De Ryke, Schlosberg in fine recital of English song
My weekend started Friday night at An die Musik, where baritone Ryan de Ryke and pianist Daniel Schlosberg focused on the rich repertoire of English art songs. Both artists have done notable work in this area in the past, and did so again here with a well-thought-out program.
Highlights included pieces by two composers who met their untimely deaths in the Great War -- relatively obscure W. Denis Browne and the better known George Butterworth, represented by selections from A Shropshire Lad. The latter inspired a good deal of sensitive singing from de Ryke (right), who caught the deceptively unconcerned air of "The lads in their hundreds" with particular finesse. The singer also did elegant work in Gerald Finzi's Shakespeare-based Let Us Garlands Bring, bringing considerable poetic warmth to "Come away, come away death."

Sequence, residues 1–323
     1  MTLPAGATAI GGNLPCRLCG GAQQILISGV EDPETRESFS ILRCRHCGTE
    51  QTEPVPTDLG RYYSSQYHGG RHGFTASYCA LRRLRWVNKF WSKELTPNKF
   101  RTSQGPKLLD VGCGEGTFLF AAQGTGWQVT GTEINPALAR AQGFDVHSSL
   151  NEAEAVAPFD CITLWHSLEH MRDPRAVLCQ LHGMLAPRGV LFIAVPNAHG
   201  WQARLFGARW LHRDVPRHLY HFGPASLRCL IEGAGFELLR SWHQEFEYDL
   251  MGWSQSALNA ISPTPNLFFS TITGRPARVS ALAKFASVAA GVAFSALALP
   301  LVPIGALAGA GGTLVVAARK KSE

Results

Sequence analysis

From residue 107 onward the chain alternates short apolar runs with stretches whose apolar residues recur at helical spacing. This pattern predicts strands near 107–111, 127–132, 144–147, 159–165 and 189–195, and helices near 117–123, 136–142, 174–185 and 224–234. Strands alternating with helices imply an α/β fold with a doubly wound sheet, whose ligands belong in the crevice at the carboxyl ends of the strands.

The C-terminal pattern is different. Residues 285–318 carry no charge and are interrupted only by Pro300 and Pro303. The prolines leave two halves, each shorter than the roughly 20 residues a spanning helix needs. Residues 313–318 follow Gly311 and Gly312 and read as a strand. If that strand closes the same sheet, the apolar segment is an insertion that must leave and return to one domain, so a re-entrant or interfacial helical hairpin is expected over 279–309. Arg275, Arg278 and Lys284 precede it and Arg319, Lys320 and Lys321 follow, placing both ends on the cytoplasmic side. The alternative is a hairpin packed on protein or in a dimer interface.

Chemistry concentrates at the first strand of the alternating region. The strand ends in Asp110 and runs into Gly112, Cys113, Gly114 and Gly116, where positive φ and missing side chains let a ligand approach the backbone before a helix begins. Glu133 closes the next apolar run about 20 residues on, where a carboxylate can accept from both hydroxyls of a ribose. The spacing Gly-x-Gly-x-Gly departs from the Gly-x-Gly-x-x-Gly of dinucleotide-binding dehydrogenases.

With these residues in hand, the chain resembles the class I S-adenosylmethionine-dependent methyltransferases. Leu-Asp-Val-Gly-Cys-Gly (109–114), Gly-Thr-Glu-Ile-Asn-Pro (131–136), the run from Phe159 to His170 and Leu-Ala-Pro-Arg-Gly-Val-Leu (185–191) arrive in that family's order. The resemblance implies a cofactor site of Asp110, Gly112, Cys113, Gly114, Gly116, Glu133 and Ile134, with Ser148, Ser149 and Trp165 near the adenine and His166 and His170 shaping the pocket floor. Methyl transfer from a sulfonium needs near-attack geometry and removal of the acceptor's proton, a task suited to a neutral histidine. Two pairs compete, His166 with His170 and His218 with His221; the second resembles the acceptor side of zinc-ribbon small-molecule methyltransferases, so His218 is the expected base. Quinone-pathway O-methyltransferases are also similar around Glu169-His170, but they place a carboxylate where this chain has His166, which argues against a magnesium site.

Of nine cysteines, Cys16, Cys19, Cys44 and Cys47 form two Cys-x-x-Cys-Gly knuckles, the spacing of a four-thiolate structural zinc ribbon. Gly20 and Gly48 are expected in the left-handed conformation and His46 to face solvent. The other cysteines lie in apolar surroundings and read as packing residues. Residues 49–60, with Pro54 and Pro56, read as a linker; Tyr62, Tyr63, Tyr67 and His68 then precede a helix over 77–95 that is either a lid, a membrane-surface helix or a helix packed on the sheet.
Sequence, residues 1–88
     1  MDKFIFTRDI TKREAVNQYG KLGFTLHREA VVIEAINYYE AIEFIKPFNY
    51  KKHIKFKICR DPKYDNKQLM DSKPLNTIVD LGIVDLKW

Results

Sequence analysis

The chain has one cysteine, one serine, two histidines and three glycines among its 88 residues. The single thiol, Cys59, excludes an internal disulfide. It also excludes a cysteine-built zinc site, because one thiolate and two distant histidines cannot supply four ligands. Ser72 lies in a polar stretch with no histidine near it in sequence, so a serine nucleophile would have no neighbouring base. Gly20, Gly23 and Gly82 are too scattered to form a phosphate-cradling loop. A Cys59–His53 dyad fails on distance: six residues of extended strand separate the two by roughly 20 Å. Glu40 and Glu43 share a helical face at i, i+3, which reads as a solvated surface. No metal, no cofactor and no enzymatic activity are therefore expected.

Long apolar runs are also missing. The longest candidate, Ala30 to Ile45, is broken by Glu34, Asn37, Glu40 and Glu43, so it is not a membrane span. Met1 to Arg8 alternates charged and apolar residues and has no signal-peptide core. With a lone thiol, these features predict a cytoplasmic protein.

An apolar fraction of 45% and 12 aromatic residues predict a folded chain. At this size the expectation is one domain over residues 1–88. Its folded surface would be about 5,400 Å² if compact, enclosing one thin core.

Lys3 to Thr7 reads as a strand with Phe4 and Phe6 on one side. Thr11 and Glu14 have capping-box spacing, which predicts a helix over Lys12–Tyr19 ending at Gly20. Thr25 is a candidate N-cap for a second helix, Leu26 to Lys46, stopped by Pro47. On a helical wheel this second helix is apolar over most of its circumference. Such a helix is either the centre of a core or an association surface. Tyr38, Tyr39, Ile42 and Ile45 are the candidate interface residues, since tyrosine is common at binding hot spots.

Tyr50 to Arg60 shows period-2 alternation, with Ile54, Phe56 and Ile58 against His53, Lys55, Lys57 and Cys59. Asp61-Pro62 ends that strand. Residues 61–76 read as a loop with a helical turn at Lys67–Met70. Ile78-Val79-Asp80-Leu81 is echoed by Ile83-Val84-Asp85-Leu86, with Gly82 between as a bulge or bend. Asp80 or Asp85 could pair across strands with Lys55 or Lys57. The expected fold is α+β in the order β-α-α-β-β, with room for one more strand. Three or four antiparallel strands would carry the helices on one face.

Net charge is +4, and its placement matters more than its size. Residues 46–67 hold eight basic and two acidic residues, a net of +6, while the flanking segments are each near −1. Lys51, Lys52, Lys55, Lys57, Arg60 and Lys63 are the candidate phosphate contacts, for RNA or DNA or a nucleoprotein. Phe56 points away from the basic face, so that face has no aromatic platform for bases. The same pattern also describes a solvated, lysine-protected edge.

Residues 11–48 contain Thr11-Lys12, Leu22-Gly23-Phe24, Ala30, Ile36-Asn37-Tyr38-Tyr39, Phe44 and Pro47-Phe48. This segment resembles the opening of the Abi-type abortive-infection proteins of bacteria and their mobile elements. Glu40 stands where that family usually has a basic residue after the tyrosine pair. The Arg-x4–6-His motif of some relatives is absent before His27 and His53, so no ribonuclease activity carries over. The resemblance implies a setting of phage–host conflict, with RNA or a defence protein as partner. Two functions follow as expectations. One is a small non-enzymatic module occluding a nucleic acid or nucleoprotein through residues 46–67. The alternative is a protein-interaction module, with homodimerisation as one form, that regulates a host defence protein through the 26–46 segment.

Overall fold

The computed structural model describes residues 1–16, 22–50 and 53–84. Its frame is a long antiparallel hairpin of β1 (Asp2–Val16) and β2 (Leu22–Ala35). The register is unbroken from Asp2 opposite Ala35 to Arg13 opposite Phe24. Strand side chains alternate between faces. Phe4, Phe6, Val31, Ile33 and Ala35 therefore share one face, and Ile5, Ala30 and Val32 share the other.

It was enlightening to hear in one program some early Vaughan Williams, The House of Life from 1903, with its whiff of Edwardian stiffness, and the looser, even saucy Histoires naturelles written in 1906 by Ravel, who, a few years later, would be tutoring the British composer.
Throughout the evening, de Ryke got deeply into each song (sometimes with a bit more physicality than necessary) and communicated the texts with admirable clarity and nuance. A few technical matters could be questioned -- low notes were not always firm; soft, high passages could have used more sweetness -- but this was nonetheless rewarding vocalism, matched phrase for phrase by Schlosberg's eloquent touch at the keyboard (his accompaniment in the Ravel songs was especially refined and colorful). Two encores capped the stylish recital: Schubert's An Sylvia and the folk song "The Salley Gardens," in the classy Britten arrangement.
BALTIMORE SUN FILE PHOTO